Scouting is currently active in 216 countries and territories, with a global membership of over 31 million, male and female. Two thirds of the international membership are in developing countries. The World Organisation of Scout Movements (WOSM) is an international body that supports Scouts across the world.
Scouting began in 1907 in the United Kingdom, based upon Lord Baden-Powell’s ideas and his book 'Scouting for Boys'. But the book and programme quickly spread world-wide. As early as 1908 Scouting was starting in many outposts of the British Empire. After a trip to South America, Scouting started in Chile, and it was already crossing the channel into Europe.
The big step across the Atlantic, and into the United States, came more by chance. In 1909, an American business man, William Boyce, was lost in the fog of London, when a small boy approached him, and offered to take him to his hotel. Once there, the boy refused any offer of money for the service, saying that it was his good turn as a Boy Scout.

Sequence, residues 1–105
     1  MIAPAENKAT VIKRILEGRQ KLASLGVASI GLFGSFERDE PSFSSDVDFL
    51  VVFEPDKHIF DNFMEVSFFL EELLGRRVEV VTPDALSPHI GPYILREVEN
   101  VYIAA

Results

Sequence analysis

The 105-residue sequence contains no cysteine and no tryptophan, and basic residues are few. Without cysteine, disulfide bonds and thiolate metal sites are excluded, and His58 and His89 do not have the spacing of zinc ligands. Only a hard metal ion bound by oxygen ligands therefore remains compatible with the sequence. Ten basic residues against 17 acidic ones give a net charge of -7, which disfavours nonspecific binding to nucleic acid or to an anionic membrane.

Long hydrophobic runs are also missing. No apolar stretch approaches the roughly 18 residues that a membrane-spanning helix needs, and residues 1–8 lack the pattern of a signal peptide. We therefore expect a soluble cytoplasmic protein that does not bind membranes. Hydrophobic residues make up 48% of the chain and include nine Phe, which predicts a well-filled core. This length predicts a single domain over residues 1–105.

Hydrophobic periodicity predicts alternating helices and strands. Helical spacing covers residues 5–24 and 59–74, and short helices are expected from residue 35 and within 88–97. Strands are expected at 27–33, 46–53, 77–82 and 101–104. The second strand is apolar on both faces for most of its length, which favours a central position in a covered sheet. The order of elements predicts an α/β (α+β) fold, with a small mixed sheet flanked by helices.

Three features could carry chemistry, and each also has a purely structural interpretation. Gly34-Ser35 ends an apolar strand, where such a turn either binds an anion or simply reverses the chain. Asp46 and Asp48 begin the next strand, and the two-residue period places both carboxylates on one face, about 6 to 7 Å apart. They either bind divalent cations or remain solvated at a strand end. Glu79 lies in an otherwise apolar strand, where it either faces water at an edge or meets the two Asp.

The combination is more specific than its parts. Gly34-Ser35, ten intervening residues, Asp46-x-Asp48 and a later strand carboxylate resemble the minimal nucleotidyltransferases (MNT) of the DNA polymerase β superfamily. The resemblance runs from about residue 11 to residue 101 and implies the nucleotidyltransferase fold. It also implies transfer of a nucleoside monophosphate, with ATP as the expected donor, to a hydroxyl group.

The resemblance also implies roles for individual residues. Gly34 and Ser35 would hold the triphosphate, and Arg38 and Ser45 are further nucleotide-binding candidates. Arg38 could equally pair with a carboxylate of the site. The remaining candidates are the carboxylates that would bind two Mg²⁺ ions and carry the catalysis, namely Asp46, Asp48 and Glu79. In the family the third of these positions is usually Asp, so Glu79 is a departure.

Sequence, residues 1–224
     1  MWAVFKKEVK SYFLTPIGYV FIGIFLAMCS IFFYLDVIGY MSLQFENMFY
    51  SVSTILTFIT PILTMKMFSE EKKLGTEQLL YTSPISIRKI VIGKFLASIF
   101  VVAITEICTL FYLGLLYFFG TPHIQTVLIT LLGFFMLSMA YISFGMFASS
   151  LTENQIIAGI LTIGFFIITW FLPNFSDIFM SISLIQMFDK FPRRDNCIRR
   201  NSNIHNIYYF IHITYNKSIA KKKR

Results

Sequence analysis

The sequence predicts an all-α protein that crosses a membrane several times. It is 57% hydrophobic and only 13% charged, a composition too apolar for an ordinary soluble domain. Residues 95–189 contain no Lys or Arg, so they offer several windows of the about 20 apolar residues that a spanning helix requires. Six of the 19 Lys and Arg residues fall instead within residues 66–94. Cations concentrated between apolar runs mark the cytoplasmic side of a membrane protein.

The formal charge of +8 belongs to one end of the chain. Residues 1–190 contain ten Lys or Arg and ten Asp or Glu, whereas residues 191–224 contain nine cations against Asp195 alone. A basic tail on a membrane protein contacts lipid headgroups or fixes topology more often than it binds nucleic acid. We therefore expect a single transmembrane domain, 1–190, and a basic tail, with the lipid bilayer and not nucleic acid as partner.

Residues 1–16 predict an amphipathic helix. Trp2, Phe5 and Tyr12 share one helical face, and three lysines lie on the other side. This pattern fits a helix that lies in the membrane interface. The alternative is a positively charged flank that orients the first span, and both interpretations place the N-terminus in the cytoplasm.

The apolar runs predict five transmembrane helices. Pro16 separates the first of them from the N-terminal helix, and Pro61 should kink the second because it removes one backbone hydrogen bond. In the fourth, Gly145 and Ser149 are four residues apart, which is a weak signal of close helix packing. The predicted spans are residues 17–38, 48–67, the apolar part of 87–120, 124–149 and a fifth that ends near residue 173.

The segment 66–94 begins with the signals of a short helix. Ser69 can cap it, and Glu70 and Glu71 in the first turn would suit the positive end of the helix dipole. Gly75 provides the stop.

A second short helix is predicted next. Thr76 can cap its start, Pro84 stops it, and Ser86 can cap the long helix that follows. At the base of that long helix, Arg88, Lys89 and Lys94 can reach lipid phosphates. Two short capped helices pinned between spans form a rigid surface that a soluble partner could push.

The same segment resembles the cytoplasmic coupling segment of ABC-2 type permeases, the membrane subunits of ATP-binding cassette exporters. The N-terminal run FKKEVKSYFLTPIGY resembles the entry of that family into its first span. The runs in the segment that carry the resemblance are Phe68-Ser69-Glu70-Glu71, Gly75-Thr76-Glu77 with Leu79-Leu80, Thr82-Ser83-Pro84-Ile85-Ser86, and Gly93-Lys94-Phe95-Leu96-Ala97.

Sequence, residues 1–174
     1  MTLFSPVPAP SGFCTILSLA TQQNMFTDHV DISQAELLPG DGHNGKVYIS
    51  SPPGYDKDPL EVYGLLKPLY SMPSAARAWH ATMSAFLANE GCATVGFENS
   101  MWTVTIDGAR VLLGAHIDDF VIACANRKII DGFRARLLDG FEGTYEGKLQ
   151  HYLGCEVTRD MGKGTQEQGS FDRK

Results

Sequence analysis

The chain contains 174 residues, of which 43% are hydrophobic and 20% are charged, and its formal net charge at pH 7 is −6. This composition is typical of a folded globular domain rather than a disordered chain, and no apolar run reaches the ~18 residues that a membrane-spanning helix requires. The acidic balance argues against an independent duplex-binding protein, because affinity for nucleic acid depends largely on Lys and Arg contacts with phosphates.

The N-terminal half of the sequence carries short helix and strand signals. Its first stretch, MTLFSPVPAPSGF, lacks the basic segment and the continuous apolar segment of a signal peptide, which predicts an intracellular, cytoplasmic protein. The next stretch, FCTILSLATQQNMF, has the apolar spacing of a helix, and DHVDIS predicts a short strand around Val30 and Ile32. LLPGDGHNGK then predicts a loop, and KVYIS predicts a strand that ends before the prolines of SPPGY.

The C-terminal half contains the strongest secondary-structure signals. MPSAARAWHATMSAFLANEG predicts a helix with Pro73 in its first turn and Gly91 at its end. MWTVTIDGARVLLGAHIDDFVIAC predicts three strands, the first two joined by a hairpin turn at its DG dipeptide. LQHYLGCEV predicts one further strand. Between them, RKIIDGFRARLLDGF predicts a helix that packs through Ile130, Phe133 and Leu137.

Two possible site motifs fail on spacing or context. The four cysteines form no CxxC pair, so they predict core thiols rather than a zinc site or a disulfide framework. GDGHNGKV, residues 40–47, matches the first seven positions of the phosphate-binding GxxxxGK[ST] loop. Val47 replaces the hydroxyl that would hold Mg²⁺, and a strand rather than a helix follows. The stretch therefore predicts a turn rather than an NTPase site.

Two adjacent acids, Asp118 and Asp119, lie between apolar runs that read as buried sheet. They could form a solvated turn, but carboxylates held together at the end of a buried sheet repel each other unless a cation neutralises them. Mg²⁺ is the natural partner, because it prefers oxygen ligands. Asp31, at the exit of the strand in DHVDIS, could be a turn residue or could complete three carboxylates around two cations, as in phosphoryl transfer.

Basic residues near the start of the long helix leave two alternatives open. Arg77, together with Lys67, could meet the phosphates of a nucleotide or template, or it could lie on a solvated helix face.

Boyce was intrigued by this and tracked down B-P. before he left London to learn more. When he got back to the USA, he went about setting up the Boy Scouts of America. By 1918, its numbers had risen to 300,000, and had reached the million mark before the end of the twenties.
While Scouting’s Purpose, Promise and Law are timeless and universal, Scouting’s flexible programme adapts to meet the needs of youth and their society wherever they live.